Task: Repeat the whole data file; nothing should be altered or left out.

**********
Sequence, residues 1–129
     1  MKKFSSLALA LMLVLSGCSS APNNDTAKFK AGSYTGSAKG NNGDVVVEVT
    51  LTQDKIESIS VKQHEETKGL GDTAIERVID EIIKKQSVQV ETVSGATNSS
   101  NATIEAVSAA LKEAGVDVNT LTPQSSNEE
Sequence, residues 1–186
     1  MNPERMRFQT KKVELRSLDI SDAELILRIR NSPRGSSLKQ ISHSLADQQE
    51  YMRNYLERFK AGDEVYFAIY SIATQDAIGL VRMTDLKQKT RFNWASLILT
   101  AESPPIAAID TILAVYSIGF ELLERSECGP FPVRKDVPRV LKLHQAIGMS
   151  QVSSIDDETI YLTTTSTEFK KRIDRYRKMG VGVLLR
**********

Sequence, residues 1–129
     1  MKKFSSLALA LMLVLSGCSS APNNDTAKFK AGSYTGSAKG NNGDVVVEVT
    51  LTQDKIESIS VKQHEETKGL GDTAIERVID EIIKKQSVQV ETVSGATNSS
   101  NATIEAVSAA LKEAGVDVNT LTPQSSNEE
Sequence, residues 1–186
     1  MNPERMRFQT KKVELRSLDI SDAELILRIR NSPRGSSLKQ ISHSLADQQE
    51  YMRNYLERFK AGDEVYFAIY SIATQDAIGL VRMTDLKQKT RFNWASLILT
   101  AESPPIAAID TILAVYSIGF ELLERSECGP FPVRKDVPRV LKLHQAIGMS
   151  QVSSIDDETI YLTTTSTEFK KRIDRYRKMG VGVLLR